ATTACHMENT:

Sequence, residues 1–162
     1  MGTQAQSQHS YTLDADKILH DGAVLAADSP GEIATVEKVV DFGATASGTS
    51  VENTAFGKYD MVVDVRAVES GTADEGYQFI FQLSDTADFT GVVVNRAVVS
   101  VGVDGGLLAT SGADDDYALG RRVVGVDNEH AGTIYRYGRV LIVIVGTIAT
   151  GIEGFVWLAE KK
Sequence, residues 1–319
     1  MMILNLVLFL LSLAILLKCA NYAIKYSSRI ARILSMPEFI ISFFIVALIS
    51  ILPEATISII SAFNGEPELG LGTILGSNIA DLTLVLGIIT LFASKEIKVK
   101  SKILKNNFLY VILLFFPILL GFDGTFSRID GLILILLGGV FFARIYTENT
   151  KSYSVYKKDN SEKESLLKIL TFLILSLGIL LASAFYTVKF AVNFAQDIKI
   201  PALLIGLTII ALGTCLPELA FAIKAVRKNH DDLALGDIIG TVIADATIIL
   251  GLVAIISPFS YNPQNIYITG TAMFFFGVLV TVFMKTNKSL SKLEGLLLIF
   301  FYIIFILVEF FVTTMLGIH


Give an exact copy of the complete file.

Sequence, residues 1–162
     1  MGTQAQSQHS YTLDADKILH DGAVLAADSP GEIATVEKVV DFGATASGTS
    51  VENTAFGKYD MVVDVRAVES GTADEGYQFI FQLSDTADFT GVVVNRAVVS
   101  VGVDGGLLAT SGADDDYALG RRVVGVDNEH AGTIYRYGRV LIVIVGTIAT
   151  GIEGFVWLAE KK
Sequence, residues 1–319
     1  MMILNLVLFL LSLAILLKCA NYAIKYSSRI ARILSMPEFI ISFFIVALIS
    51  ILPEATISII SAFNGEPELG LGTILGSNIA DLTLVLGIIT LFASKEIKVK
   101  SKILKNNFLY VILLFFPILL GFDGTFSRID GLILILLGGV FFARIYTENT
   151  KSYSVYKKDN SEKESLLKIL TFLILSLGIL LASAFYTVKF AVNFAQDIKI
   201  PALLIGLTII ALGTCLPELA FAIKAVRKNH DDLALGDIIG TVIADATIIL
   251  GLVAIISPFS YNPQNIYITG TAMFFFGVLV TVFMKTNKSL SKLEGLLLIF
   301  FYIIFILVEF FVTTMLGIH